If you’re one of the many business owners who received an email about DMARC, you might wonder what DMARC actually is and how this might affect your email send outs (especially if you have more than 5,000 subscribers).
Firstly – don’t worry, it’s an easy fix! Pfew.
DMARC is short for Domain-based Message Authentication, Reporting & Conformance. DMARC is used to help reducing spam. The DMARC records check, helps to validate email senders. It helps email senders figure out how to deal with emails that didn’t get authenticated by dkim or spf. Email senders can choose to force all emails that didn’t get authenticated to the junk folder or can ignore them completely.
From Feb 1 Google and Yahoo require DMARC as a ticket to entry
With Google and Yahoo’s upcoming bulk sender requirement changes, DMARC is no longer a nice-to-have but a necessity.
As of February 2024, Google and Yahoo are introducing new sender requirements to enhance email security. If you’re sending over 5,000 daily emails are urged to implement DMARC authentication to ensure successful delivery to Gmail and Yahoo inboxes. In this article, we’ll delve into the significance of email authentication protocols and guide you on implementing them effectively.
Prevent your email showing anything but your domain in the “From” field
With these upcoming changes, platforms where you’re sending emails from such as Shopify, Klaviyo and Mailerlite, will start showing a different “From” field:
- Original “From Address”: firstname.lastname@example.org
- Rewritten “From Address”: email@example.com via Shopifymail.com
Simply put, adding a DMARC will ensure your email address will show your own domain. This is important in the wake of mailbox providers enforcing DMARC to reject or quarantine policies. If your chosen email address falls under such a policy, any email campaigns sent through Shopify, Klaviyo, Mailerlite, etc. may be redirected from an alternate email address, impacting deliverability.
Why DMARC changes are being introduced
The implementation of DMARC reject policies by free email providers, aimed at reducing spam originating from their networks, seeks to thwart malicious users from abusing their domains for spam. While this policy change addresses spam concerns, it inevitably affects legitimate users like yourself.
Understanding these DMARC changes and adapting your “From Address” accordingly is crucial for maintaining optimal email deliverability. Whether you choose automatic rewriting or opt for an address from your own domain, these adjustments will help you navigate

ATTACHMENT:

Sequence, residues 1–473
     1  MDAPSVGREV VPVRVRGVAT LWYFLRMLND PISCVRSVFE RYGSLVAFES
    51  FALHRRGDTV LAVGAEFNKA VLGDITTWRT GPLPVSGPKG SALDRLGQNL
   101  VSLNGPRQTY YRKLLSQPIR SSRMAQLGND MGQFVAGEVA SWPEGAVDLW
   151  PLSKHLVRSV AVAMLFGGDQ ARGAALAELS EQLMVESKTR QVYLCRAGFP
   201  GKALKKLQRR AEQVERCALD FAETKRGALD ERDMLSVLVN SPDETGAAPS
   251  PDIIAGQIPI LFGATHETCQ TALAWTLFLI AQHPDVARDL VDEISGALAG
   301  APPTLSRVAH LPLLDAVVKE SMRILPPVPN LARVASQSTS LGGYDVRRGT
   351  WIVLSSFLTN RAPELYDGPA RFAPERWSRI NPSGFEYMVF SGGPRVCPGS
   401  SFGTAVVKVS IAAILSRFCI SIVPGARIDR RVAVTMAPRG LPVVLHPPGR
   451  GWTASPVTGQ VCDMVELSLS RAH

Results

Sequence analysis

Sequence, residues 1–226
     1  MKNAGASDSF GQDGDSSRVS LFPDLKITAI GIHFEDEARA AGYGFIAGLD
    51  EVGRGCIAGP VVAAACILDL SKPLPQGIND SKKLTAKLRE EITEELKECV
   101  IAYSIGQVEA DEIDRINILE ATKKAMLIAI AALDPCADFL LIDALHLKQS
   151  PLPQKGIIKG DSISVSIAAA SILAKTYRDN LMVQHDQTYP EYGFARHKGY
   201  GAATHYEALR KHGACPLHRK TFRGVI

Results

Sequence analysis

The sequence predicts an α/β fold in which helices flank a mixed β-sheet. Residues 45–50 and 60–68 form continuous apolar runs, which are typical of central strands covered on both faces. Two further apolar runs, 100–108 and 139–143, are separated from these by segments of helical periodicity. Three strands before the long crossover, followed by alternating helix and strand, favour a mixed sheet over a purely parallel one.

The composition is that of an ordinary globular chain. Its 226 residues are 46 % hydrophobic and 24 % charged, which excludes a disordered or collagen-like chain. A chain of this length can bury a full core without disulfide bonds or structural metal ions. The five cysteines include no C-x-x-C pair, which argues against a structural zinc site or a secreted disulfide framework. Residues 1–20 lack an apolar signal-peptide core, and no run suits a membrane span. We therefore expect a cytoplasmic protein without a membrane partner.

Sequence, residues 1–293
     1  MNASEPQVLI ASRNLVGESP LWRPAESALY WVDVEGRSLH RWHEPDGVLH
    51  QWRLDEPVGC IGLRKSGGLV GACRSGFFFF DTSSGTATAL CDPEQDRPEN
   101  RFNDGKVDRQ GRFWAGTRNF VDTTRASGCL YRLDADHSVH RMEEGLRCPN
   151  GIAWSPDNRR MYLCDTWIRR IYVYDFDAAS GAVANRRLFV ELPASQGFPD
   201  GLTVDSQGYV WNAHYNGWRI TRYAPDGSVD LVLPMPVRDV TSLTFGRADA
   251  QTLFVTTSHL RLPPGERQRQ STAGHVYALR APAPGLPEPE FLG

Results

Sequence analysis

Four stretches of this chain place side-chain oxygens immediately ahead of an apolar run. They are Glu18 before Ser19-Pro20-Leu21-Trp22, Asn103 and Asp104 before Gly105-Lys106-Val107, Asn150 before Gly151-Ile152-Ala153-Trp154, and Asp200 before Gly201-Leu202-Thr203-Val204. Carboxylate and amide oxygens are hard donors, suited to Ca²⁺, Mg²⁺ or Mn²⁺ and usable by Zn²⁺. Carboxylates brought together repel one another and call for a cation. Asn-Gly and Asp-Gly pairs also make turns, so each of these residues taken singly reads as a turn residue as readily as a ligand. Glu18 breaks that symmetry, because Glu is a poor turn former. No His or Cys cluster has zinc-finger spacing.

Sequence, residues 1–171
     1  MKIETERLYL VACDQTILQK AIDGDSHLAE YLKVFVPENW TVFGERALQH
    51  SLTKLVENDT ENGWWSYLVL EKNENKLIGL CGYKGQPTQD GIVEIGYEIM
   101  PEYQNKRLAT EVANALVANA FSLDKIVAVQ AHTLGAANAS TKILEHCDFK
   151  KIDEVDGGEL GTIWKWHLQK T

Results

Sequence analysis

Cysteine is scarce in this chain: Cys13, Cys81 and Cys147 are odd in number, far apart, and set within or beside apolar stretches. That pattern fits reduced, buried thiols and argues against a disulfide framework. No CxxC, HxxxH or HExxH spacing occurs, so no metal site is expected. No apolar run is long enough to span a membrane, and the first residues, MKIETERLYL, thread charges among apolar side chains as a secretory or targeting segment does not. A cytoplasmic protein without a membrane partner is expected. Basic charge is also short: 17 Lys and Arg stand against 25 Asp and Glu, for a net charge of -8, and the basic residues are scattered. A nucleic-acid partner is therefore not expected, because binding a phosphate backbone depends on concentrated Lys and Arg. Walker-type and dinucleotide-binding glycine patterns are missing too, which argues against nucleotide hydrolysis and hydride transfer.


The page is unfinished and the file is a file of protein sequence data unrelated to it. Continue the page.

Email authentication involves technical standards that verify the identity of an email sender. The three primary authentication standards are SPF (Sender Policy Framework), DKIM (DomainKeys Identified Mail), and DMARC (Domain-based Message Authentication, Reporting, and Conformance). These protocols protect against malicious actors, phishing, and spoofing, ultimately improving deliverability by confirming the sender’s identity.
3-step easy guide to add DMARC to your domain
You might have received a recent email from Shopify. This was not a spam email! The email looked like this:
To add a DMARC record and comply with the new updates, you’ll need to follow these steps below:
- Domain login and DNS access: find out where you’ve registered your domain, such as GoDaddy, VentraIP, Crazydomains, Google, or elsewhere. Log into your account and go to the DNS Zone Manager. If you cannot locate this, then jump on a chat with customer support as they will be able to point you into the right direction and help you out.
- Authenticate your domain: if you haven’t yet, make sure to authenticate your domain in Shopify or Klaviyo. For instructions, follow the Shopify link here and Klaviyo link here.
- Add your DMARC txt record in the domain DNS Zone Manager: while in the DNS Zone Manager, add a txt record that looks like this:
This is the record that needs to be added for you:
– Name of TXT record =
– Value of TXT record =
v=DMARC1; p=none; rua=mailto:YOURNAME@DOMAIN.COM
– Note to enter your actual email address above to replace YOURNAME@DOMAIN.COM
For my own domain, it looks like this:
After you’ve hit save, go to a DMARC Checker to see if your DMARC was successfully published.
That’s it! I promise you it’s easier than you might have thought.
Still need help with this? Please reach out for our $79 Done-For-You DMARC Service.